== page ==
fd1f76f94d868210VgnVCM100000e56411acRCRDapproved/thenational/Articles/Migration/2009-Q3Can Nigeria be a nation again if it has never been?ed1f76f94d868210VgnVCM100000e56411ac____Can Nigeria be a nation again if it has never been?The decades-old question of whether Nigeria is actually a nation is being debated with ever greater intensity<p>Anyone with an e-mail account has received messages from Nigeria trying to entice them with unlikely "business" proposals. Africa's most populous country has acquired the reputation as the world's internet scamming capital. Business travellers have recently voted Lagos, the country's commercial capital, the world's worst destination. It is hardly surprising then that the government is trying to rebrand the country with the slogan, "Nigeria: Good People, Great Nation".</p>
<p>These days the decades-old question of whether Nigeria is actually a nation is being debated with ever greater intensity. A long-running rebellion in the Niger Delta, home of the country's oil industry, is crippling oil exports. Powerful criminal gangs are siphoning off the crude and smuggling it abroad. And now a rebellion in the Muslim north of the country by gunmen loosely named the "Nigerian Taliban" is raising once again the issue of secession.</p>
<p>A casual observer could easily conclude that this is the end of Nigeria. But some caution is required: the country has been written off at regular intervals since 1967 when the south-east of the country separated as Biafra, sparking a three-year civil war. It has lived through brutal years of military dictatorship and shamelessly corrupt periods of democracy. It has survived the split between Muslim North and Christian South.</p>
<p>The first thing to point out is that Nigeria is too important a country to be allowed to collapse. Traditionally, western security in Africa has been built on a triangle of countries - South Africa, Kenya and Nigeria. But Kenya has been weakened by tribal violence and South Africa seems to be heading for a period of introspection. The former beacon of stability in West Africa, Ivory Coast, split in two in 2002. That leaves Nigeria as the anchor of regional security, a role which it has played by leading peacekeeping missions in Liberia, Ivory Coast, Sierra Leone and now Darfur.</p>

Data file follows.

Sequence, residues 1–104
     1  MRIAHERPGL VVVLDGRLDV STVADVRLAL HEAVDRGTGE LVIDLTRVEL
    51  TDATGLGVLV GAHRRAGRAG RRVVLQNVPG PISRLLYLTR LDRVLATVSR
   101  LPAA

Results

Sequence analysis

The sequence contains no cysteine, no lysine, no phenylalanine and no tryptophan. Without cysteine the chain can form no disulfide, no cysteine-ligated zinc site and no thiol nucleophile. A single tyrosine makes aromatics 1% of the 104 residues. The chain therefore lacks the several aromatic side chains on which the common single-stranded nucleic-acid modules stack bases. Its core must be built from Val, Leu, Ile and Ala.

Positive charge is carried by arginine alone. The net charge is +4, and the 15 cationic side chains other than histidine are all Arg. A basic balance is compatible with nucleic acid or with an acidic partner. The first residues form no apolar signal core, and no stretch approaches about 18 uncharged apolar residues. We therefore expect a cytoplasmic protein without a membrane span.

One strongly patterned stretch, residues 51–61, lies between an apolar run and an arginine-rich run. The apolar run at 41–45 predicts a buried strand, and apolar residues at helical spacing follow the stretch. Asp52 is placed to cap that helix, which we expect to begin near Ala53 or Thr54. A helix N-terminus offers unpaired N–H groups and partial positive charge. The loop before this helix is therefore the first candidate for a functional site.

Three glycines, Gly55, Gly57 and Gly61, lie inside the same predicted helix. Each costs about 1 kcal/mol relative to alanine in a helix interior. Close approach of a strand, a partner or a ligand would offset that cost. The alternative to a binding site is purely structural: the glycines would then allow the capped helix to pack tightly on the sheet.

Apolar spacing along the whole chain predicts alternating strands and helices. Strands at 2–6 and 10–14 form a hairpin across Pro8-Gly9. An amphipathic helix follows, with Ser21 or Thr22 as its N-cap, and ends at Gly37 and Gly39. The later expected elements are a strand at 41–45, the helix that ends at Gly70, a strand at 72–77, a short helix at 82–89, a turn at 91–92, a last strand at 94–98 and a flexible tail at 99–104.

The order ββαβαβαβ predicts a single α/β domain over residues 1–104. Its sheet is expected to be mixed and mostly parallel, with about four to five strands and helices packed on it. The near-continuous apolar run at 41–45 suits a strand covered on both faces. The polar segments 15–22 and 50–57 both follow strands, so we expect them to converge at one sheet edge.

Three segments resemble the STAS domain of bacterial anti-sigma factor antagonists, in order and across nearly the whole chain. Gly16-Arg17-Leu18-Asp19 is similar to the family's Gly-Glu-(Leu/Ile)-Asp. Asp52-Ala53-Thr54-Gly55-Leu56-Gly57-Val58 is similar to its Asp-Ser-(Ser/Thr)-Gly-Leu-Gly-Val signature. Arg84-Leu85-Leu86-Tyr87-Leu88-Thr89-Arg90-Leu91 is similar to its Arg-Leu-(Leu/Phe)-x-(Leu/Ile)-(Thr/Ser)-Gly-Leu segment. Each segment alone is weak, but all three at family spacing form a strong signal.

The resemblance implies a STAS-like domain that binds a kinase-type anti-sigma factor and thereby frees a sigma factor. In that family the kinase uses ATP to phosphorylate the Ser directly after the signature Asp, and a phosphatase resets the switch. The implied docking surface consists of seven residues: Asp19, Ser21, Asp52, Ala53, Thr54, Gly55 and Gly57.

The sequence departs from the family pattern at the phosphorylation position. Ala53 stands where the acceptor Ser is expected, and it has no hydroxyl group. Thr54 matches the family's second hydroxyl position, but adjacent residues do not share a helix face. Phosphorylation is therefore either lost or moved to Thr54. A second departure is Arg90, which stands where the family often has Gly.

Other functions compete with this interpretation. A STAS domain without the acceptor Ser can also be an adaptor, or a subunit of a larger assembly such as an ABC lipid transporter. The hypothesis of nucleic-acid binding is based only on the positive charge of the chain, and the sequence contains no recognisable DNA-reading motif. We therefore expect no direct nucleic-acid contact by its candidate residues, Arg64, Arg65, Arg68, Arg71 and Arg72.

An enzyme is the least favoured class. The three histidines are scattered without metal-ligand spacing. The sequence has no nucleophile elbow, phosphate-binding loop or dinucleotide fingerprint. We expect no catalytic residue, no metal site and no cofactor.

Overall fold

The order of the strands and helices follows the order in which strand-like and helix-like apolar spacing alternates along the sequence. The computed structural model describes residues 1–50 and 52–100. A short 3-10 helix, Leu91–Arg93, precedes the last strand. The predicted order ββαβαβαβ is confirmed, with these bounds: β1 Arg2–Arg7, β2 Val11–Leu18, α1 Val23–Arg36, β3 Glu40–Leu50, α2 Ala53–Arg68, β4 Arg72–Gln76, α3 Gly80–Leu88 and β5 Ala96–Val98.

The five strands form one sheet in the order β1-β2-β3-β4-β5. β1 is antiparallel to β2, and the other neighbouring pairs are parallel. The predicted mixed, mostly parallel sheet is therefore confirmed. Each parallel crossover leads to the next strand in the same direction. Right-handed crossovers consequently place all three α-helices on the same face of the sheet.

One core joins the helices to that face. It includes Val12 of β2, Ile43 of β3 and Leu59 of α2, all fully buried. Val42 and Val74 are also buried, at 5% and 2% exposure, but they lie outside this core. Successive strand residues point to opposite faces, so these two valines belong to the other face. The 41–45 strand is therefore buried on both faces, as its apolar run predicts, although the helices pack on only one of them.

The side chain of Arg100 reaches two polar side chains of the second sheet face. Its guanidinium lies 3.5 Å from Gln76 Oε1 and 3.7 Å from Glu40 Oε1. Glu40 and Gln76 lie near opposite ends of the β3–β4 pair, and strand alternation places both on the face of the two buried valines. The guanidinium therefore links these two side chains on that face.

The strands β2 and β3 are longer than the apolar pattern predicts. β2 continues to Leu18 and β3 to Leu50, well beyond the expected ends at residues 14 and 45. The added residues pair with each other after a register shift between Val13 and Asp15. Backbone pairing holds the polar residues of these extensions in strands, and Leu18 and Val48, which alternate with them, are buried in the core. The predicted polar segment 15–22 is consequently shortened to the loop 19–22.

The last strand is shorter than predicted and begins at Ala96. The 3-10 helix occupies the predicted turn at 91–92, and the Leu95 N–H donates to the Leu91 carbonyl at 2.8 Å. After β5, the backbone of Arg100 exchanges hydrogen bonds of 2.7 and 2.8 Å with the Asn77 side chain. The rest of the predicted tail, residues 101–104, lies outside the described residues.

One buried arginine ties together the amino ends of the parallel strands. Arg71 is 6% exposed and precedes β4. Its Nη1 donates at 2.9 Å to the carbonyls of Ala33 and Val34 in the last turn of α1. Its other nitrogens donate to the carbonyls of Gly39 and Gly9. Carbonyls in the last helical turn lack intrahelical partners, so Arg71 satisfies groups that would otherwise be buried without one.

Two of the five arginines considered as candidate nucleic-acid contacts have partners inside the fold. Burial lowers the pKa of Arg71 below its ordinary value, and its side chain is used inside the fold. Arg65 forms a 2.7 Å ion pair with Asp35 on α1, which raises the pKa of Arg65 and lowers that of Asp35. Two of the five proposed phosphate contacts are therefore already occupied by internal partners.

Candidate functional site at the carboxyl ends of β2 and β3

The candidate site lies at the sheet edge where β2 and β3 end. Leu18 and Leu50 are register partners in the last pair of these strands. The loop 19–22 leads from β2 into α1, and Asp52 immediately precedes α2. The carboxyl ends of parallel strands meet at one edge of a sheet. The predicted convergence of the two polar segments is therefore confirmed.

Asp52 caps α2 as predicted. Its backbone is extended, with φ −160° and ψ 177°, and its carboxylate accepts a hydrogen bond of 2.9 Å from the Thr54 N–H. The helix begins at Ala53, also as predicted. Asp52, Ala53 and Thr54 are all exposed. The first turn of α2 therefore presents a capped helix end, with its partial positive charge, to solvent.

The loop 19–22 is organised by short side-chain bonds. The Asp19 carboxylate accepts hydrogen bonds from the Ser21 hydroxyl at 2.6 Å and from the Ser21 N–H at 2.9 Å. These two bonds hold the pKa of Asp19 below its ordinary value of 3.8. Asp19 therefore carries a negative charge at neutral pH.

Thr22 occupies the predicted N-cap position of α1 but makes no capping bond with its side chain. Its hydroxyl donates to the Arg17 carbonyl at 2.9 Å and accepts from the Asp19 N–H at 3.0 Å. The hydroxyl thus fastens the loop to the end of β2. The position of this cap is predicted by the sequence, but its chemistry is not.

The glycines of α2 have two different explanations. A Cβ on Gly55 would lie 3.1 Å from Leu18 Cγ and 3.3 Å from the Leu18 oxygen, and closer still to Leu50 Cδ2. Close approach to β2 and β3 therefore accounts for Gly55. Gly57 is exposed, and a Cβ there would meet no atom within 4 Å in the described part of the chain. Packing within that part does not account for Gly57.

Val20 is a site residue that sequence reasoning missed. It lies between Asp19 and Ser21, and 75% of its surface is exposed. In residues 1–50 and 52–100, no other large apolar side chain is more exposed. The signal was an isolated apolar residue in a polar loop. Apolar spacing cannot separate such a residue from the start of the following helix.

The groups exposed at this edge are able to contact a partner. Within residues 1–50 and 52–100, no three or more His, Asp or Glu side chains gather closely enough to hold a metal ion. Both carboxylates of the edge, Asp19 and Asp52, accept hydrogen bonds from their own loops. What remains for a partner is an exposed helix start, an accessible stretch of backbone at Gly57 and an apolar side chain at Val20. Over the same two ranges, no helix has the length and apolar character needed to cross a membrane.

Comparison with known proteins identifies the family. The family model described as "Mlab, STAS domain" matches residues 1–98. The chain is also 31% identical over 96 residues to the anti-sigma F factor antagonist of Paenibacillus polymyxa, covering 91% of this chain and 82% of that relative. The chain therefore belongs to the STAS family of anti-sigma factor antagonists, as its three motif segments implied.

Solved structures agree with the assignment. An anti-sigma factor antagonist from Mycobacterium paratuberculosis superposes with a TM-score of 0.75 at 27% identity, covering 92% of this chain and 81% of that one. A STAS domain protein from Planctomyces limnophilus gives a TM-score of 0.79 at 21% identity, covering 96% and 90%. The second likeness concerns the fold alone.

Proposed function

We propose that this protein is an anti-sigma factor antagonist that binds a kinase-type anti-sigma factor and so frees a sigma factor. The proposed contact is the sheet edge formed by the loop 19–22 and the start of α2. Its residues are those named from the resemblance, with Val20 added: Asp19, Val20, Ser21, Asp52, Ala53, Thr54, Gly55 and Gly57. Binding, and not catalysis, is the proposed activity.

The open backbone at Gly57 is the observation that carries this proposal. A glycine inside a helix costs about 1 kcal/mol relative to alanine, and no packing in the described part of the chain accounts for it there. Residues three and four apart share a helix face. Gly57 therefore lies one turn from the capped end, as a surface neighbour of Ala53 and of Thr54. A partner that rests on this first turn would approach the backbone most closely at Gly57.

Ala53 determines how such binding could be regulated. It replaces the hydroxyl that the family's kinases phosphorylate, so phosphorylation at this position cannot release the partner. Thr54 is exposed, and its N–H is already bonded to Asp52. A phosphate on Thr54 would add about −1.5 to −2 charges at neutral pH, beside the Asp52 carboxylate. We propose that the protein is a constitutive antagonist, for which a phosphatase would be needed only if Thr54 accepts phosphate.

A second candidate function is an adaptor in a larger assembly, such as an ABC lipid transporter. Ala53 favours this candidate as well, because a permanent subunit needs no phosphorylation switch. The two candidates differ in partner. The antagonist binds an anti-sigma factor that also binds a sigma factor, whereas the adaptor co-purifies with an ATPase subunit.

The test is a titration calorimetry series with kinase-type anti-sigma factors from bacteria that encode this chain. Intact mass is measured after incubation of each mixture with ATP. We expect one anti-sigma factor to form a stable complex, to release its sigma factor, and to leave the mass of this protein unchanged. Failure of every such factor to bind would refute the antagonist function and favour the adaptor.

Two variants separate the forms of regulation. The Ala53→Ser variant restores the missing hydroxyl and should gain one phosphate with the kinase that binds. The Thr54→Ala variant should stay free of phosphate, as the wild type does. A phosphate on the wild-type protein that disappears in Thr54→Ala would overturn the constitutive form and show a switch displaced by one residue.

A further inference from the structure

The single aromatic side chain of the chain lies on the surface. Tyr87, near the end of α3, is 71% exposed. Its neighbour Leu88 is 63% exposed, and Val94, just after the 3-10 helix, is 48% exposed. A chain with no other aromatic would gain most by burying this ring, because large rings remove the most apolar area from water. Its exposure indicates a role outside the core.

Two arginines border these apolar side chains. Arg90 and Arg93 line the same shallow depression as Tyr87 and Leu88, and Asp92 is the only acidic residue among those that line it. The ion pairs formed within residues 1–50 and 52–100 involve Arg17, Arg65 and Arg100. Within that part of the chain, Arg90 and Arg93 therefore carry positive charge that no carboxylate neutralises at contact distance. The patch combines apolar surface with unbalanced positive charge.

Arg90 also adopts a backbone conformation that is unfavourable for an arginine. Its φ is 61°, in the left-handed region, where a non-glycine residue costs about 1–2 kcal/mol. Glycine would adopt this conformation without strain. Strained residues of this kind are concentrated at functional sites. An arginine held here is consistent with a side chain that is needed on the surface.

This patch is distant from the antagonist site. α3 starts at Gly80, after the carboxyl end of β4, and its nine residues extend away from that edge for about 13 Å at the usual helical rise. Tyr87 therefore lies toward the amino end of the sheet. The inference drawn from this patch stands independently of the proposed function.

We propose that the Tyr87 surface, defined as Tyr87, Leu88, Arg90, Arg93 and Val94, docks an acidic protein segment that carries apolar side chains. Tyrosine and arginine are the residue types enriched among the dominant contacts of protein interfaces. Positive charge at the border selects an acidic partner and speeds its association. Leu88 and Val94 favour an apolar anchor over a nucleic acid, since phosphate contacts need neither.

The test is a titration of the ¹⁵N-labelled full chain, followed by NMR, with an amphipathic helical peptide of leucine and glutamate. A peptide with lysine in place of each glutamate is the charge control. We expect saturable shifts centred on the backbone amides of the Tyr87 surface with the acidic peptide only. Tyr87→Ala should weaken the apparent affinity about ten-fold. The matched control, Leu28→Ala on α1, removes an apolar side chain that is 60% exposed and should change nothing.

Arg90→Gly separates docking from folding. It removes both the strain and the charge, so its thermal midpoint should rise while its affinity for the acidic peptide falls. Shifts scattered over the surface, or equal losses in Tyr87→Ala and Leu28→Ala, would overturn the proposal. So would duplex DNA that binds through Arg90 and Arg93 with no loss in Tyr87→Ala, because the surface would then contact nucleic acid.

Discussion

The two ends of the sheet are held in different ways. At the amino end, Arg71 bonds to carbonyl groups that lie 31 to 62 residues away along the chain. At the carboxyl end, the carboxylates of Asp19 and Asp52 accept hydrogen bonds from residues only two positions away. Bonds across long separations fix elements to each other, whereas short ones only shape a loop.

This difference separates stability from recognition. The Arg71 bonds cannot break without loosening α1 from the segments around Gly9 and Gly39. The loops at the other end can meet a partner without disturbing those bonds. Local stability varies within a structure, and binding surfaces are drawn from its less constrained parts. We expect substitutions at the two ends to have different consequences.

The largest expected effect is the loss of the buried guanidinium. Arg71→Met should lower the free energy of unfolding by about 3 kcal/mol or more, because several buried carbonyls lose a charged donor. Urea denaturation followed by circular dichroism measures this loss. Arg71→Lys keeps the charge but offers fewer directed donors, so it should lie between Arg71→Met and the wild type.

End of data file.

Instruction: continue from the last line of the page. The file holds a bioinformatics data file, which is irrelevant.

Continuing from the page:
<p>The latest upsurge of domestic violence took place in the northern city of Maiduguri where a local Islamist group attacked police stations. Hundreds of people in four states are believed to have been killed, but the gunmen now seem to have been driven into the bush are after four days of fighting.
Though the fighters are called the "Nigerian Taliban" for their long beards and strict interpretation of Islam, they are not known to be formally associated with al Qa'eda, or any other radical group. They call themselves Bako Haram - meaning "western education is forbidden" - but this seems more of a slogan than the mission statement of a structured organisation.</p>